A comparison in store of value between dollar and Bitcoin is statistically premature, due to the lack of historical data for the latter. However, what MicroStrategy’s CEO Michael Saylor is trying to achieve is an asymmetric payoff, an investment that could half in value, while providing the possibility of a 10x return. In theory, Bitcoin is providing just that. Over a ten year time-horizon, Bitcoin could very well appreciate almost 10 folds, from its current 14,000$ price to 100,000$, especially if other CEOs or large institutions will follow suit. On the other hand, its value could not only half but go to zero, completely evaporating the $425 million from the company’s balance sheet. I rate the latter very unlikely, as the Bitcoin network has demonstrated strong resiliency even in the worst period of the coronavirus pandemic. It is still an option, however, so I’ll consider it in the following analysis as the worst-case scenario.

Investment Impact on The Stock Price

I undertake a discounted cash flow analysis of MicroStrategy over a 5 year time-horizon. With the following assumptions:

– Terminal Growth Rate: 2.00%

– Market Risk Premium: 5.00%

– Risk-Free Rate: 0.68%

– WACC: 4.61%

With future cash flows kept constant around $50 million per year, MicroStrategy’s fair share value totals $170 per share.

The worst-case-scenario, seeing Bitcoin go to $0, will evaporate all the $425 million on the balance sheet. Implementing this scenario into the DCF analysis brings MicroStrategy’s fair value down to $126, around a 25% decline from the current price. However, this price does not include the reputational repercussion the company would face in such an event, which would almost certainly drag the price down even further.

As a best-case scenario, I set a Bitcoin price of $100,000 per Bitcoin. Bitcoin maximalists would say this price is too low, Bitcoin deniers will say it’s too high, I think it constitutes a reasonable upside target to evaluate this investment decision. Implementing this expected value for Bitcoin into the DCF analysis brings MicroStrategy’s fair price to $564 per share, almost a 240% upside from the current price.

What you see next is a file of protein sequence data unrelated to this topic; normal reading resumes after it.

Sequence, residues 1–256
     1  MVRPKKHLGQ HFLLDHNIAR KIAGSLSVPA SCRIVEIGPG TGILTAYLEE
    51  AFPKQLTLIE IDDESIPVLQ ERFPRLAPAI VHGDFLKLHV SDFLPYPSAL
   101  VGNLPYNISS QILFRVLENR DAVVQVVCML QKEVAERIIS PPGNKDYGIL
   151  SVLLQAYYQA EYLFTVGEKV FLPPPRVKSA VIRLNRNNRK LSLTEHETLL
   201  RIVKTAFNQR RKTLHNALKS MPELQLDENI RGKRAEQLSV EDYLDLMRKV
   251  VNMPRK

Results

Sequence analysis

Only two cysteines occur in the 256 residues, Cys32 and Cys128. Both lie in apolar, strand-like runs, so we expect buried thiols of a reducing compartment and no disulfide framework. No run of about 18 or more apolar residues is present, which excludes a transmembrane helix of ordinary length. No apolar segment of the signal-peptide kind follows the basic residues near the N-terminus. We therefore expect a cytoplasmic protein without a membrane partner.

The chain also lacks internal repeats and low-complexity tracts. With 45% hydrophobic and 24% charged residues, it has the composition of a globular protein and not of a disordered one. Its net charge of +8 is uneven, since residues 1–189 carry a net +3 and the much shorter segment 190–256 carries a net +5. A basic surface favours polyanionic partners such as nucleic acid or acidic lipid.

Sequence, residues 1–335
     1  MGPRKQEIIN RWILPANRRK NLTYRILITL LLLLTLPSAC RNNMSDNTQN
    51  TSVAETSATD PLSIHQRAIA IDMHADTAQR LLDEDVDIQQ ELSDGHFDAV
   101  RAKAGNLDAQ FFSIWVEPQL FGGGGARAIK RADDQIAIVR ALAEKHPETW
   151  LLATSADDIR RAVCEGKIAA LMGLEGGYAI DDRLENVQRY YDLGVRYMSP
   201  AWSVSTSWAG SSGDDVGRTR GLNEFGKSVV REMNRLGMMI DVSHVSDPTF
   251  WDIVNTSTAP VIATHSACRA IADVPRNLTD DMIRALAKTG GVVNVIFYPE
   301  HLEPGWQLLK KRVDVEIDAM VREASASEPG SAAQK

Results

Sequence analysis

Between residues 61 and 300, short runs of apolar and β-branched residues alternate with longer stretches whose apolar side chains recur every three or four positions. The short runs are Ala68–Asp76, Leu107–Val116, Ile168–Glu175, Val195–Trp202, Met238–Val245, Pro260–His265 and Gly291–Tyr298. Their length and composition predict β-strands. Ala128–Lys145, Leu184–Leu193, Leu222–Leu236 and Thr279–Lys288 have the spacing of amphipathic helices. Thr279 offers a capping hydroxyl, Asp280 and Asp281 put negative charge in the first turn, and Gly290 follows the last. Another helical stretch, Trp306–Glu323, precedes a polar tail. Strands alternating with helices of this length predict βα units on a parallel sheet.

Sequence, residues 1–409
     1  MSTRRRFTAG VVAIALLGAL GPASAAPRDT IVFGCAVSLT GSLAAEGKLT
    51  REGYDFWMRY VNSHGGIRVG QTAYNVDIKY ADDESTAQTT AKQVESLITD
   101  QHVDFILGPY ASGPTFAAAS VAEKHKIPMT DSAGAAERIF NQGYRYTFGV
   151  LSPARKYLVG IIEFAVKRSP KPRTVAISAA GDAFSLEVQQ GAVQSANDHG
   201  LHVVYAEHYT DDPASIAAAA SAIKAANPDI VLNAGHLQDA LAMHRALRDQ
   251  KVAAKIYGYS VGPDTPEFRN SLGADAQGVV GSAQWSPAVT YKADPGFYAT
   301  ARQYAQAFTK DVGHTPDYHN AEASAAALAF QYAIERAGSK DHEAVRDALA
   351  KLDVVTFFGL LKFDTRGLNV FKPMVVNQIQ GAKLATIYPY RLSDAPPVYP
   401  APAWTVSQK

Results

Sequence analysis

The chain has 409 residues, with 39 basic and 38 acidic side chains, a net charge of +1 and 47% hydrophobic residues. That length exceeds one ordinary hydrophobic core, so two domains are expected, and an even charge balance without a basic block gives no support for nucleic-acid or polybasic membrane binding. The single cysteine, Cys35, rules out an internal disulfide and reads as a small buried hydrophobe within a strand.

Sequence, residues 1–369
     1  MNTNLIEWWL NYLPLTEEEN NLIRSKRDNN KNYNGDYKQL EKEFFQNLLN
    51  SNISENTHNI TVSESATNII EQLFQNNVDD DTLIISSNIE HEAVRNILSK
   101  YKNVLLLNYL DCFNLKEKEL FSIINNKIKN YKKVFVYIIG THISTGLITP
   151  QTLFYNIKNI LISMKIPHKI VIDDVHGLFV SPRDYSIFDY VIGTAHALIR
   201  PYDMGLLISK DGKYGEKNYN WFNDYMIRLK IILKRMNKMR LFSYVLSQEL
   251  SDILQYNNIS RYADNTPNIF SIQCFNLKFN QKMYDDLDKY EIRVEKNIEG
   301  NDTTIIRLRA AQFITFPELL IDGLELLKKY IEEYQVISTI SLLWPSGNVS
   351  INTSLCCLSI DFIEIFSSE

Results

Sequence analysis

The discounted cash flow analysis shows that MicroStrategy has much more to gain than it has to lose. However, the chances of this investment strategy succeeding are impossible to determine. What is the probability of Bitcoin going to zero? Or to $100 thousand? Or to $1 million? The implied probability of a 10x bet (i.e. from $10 to $100 thousand) is 10%. Should this investment be categorized as an asymmetric binary bet, you should take the bet if you believe the chances of Bitcoin succeeding are higher than the 10% mark. This is, of course, an oversimplistic decision model, as there is no ceiling to Bitcoin price, while high technology risk makes the tail of the distribution significantly larger.

The analysis presented above helps MicroStrategy investors to set expectation boundaries on investment returns. If you invested in the company due to its healthy balance sheet and predictable cash flow, what you have now in your hands has changed. Realistically, from now on the stock price will be significantly influenced by Bitcoin price movements. Investors not comfortable with this are better off not holding this company’s shares. On the other hand, MicroStrategy now offers a remarkable opportunity to gain indirect exposure to Bitcoin with limited downside and still offering significant upside. To conservative investors wanting Bitcoin exposure, the 30% downside on MicroStrategy shares is more attractive than a potential complete wipeout, while the upside potential becomes lower (240% vs. 1000% with Bitcoin at $100,000) but still significant.


MicroStrategy’s treasury investment strategy is rather unique. The balance sheet before this decision was healthy, and cash flows over the past few years have shown stability and ability to support future expenses. The macroeconomic factors that motivate this decision are clear, and Bitcoin is gaining popularity amongst public companies and fund managers as a legitimate inflation hedge. However, the odds of Bitcoin succeeding as an asset class are impossible to quantify. Existing investors should be aware that this treasury investment will significantly impact the stock price returns, and ask themselves if they are willing to take the risk. On a purely mathematical basis, if you attribute to Bitcoin more than a 10% chance of success, then holding MicroStrategy share will still make sense for you. Either way, MicroStrategy now offers a remarkable opportunity to gain indirect exposure to Bitcoin with limited downside and still significant potential upside.

If you found this article of value and want to receive updates on this research, just click the “follow” button near the title.

Disclosure: I am/we are long MSTR. I wrote this article myself, and it expresses my own opinions. I am not receiving compensation for it (other than from Seeking Alpha). I have no business relationship with any company whose stock is mentioned in this article.

Additional disclosure: All articles are my opinion – they are not suggestions to buy or sell any securities. Perform your own due diligence.

Source link